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U.S. stocks rose, paring an earlier rally, as concerns about Europe’s debt crisis overshadowed an unexpected decline in the American unemployment rate. Benchmark indexes trimmed gains as the euro and Italian bonds erased earlier advances.
The benchmark index for American equities is little changed for 2011 after rebounding more than 13 percent from its low for the year on Oct. 3. Improving U.S. economic data has helped alleviate concern that the world’s largest economy will relapse into a recession as Europe’s debt crisis threatens to derail the recovery.
Today’s jobs data showed that payrolls climbed 120,000, with more than half the hiring coming from retailers and temporary help agencies, after a revised 100,000 rise in October that was more than initially estimated. The median estimate in a Bloomberg News survey called for a gain of 125,000. The jobless rate declined to 8.6 percent, the lowest since March 2009, from 9 percent, Labor Department figures showed.
The IMF said today it will need more resources to fight Europe’s debt crisis if market conditions worsen. The S&P 500 has rallied this week as the Federal Reserve and five other central banks lowered the cost of dollar funding and China cut the proportion that banks need to hold as reserve capital.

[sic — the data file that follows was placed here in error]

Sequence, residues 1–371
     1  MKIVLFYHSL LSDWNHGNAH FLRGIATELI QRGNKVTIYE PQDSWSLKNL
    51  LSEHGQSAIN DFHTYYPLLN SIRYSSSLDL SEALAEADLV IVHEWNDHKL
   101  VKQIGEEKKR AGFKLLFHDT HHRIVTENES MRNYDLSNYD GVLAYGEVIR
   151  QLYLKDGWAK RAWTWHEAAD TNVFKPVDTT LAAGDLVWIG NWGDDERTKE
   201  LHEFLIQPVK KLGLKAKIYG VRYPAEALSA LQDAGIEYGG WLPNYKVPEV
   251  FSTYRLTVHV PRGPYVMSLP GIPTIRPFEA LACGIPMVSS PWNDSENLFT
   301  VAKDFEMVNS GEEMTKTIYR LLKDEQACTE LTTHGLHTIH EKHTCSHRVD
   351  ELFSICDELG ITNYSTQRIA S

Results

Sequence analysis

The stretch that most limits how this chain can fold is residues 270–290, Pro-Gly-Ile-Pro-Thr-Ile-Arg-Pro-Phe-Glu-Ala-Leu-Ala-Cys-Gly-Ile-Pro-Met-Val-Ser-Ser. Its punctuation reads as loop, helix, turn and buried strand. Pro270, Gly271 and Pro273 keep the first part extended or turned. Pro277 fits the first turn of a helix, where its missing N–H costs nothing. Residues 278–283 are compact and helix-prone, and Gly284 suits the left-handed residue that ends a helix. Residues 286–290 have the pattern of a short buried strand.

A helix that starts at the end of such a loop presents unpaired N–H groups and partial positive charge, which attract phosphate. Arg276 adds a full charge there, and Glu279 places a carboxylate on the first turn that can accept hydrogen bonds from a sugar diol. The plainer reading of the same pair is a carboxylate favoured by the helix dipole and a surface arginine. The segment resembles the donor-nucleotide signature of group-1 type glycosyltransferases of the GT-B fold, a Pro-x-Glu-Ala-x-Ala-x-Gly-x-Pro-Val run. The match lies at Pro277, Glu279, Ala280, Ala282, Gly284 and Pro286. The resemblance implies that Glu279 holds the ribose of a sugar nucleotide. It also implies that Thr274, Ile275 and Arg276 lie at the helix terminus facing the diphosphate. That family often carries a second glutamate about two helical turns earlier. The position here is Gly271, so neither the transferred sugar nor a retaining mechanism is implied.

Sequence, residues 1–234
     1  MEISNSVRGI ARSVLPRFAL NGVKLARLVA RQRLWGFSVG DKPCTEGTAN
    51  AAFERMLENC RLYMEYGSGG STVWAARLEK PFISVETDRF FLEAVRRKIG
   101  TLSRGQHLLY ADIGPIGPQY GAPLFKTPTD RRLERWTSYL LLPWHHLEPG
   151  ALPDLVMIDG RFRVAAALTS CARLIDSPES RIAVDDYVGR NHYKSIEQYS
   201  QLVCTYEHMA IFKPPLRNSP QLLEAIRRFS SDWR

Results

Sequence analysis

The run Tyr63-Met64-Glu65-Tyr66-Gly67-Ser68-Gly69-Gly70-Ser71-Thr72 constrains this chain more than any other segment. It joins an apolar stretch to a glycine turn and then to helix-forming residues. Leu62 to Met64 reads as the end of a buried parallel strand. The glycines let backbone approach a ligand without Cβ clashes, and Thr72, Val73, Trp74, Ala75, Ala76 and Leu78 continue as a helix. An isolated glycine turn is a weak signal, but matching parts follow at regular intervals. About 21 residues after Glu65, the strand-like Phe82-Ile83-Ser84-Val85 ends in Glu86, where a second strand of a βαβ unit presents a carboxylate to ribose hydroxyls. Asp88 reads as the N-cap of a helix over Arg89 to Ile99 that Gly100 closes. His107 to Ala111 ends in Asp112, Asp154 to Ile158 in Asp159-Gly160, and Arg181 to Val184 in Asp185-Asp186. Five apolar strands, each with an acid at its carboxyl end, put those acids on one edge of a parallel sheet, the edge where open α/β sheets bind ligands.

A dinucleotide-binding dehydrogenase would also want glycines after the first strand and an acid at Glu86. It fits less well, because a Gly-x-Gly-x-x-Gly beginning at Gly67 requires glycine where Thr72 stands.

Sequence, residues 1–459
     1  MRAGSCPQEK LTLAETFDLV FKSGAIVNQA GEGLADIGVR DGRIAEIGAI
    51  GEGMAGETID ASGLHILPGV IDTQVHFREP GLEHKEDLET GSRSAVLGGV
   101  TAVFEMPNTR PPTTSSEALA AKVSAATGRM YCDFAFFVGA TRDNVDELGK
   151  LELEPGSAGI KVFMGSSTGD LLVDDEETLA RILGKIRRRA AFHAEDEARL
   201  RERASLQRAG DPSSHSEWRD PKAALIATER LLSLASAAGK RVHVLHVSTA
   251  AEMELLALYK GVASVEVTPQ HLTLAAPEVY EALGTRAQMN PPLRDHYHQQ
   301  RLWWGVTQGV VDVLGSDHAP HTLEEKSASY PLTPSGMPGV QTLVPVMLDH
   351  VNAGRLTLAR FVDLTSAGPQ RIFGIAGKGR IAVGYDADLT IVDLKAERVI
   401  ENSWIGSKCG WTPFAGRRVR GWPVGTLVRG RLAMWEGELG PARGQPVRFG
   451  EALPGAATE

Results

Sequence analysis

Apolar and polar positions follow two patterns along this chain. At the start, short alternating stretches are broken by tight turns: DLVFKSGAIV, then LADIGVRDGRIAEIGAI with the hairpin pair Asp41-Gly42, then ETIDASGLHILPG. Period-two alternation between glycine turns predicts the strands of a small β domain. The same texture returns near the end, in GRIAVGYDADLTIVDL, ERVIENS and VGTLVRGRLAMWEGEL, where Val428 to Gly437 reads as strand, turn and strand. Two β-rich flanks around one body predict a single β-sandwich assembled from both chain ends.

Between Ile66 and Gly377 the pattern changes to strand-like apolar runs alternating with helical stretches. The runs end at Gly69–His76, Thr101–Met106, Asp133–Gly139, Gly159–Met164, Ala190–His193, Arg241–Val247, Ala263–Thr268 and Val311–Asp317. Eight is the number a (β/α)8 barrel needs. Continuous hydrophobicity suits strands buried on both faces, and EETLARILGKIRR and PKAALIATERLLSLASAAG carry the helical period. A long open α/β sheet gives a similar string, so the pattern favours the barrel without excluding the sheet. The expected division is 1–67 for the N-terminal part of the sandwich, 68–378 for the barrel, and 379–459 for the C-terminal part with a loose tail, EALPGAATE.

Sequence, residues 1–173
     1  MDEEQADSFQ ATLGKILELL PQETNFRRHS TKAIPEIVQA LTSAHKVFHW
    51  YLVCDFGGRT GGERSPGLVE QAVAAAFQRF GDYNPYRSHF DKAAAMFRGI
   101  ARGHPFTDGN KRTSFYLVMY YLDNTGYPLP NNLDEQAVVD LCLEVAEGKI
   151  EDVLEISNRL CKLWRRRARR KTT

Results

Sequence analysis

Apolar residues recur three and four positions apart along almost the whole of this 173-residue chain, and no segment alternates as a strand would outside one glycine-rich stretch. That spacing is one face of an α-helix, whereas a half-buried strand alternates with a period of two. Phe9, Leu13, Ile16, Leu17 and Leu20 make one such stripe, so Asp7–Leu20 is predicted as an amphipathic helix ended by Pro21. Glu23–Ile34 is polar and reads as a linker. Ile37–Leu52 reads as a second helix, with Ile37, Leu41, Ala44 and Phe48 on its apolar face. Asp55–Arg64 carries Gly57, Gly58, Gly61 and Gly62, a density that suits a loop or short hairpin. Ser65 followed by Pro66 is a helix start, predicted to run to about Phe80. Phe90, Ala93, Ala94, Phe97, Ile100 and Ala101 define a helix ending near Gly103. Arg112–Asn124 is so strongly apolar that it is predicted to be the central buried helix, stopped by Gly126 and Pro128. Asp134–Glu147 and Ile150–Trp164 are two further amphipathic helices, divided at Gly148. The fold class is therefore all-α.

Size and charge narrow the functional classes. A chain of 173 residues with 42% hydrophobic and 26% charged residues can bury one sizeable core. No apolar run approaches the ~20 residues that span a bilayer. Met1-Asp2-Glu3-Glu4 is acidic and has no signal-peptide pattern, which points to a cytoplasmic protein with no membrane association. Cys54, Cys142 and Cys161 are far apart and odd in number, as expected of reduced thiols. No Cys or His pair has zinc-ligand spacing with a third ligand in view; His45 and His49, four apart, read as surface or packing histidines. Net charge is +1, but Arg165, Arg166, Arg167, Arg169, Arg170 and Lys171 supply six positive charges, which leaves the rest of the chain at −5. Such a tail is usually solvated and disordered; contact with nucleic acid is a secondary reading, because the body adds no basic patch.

Equity futures rose earlier following a report that as much as 200 billion euros ($270 billion) of national central bank loans may be channeled through the IMF. Germany and France are pushing for closer economic ties among euro-area nations and tougher enforcement of budget rules to counter the region’s debt crisis.
Dow 12,038.04 +18.01 +0.15%, Nasdaq 2,634.36 +8.16 +0.31%, S&P 500 1,248.44 +3.86 +0.31%
Financial stocks posted the largest gains out of 10 groups in the S&P 500, climbing 2.1 percent. JPMorgan surged 7.9 percent, the biggest rise in the Dow, to $32.87, while Morgan Stanley rallied 7.1 percent to $15.54.
Investors purchased corporations most tied to the economy, as industrial and energy companies advanced while utility stocks dropped 0.7 percent. Alcoa Inc. (AA) added 1.1 percent to $9.92 and General Electric Co. (GE) rose 1.9 percent to $16.21.
Western Digital jumped 8 percent to $31.58. The disk-drive maker raised its quarterly revenue forecast after sales rebounded from a flood in Thailand that devastated factories and constrained supplies.
Elsewhere, Zynga Inc. is seeking to raise as much as $1 billion in the biggest initial public offering by a U.S. Internet company since Google Inc. The company is offering 100 million shares for $8.50 to $10 apiece, according to a regulatory filing today. The high end of the range would value San Francisco-based Zynga, the biggest developer of games for Facebook Inc., at $7 billion.
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